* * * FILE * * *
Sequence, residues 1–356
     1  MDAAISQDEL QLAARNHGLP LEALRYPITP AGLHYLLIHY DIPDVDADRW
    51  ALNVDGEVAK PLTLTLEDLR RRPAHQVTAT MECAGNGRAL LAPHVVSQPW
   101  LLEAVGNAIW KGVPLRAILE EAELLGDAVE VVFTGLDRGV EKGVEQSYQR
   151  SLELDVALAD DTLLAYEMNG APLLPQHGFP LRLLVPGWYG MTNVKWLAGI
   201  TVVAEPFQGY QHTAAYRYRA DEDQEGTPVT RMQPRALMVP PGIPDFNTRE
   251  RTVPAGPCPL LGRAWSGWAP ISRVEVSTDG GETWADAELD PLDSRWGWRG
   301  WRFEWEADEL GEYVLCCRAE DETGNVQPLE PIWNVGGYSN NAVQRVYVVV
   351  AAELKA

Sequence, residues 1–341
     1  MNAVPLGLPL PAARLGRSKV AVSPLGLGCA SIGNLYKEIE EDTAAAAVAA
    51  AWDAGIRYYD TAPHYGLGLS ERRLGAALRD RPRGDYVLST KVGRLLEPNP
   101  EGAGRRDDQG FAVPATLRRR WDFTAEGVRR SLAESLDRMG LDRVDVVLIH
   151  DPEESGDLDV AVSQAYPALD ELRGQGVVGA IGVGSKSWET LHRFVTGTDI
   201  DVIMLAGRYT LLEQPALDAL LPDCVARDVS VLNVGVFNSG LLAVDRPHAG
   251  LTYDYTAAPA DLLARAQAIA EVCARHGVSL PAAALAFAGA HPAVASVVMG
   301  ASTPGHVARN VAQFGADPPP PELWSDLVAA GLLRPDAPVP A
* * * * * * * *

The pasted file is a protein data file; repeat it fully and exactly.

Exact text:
Sequence, residues 1–356
     1  MDAAISQDEL QLAARNHGLP LEALRYPITP AGLHYLLIHY DIPDVDADRW
    51  ALNVDGEVAK PLTLTLEDLR RRPAHQVTAT MECAGNGRAL LAPHVVSQPW
   101  LLEAVGNAIW KGVPLRAILE EAELLGDAVE VVFTGLDRGV EKGVEQSYQR
   151  SLELDVALAD DTLLAYEMNG APLLPQHGFP LRLLVPGWYG MTNVKWLAGI
   201  TVVAEPFQGY QHTAAYRYRA DEDQEGTPVT RMQPRALMVP PGIPDFNTRE
   251  RTVPAGPCPL LGRAWSGWAP ISRVEVSTDG GETWADAELD PLDSRWGWRG
   301  WRFEWEADEL GEYVLCCRAE DETGNVQPLE PIWNVGGYSN NAVQRVYVVV
   351  AAELKA

Sequence, residues 1–341
     1  MNAVPLGLPL PAARLGRSKV AVSPLGLGCA SIGNLYKEIE EDTAAAAVAA
    51  AWDAGIRYYD TAPHYGLGLS ERRLGAALRD RPRGDYVLST KVGRLLEPNP
   101  EGAGRRDDQG FAVPATLRRR WDFTAEGVRR SLAESLDRMG LDRVDVVLIH
   151  DPEESGDLDV AVSQAYPALD ELRGQGVVGA IGVGSKSWET LHRFVTGTDI
   201  DVIMLAGRYT LLEQPALDAL LPDCVARDVS VLNVGVFNSG LLAVDRPHAG
   251  LTYDYTAAPA DLLARAQAIA EVCARHGVSL PAAALAFAGA HPAVASVVMG
   301  ASTPGHVARN VAQFGADPPP PELWSDLVAA GLLRPDAPVP A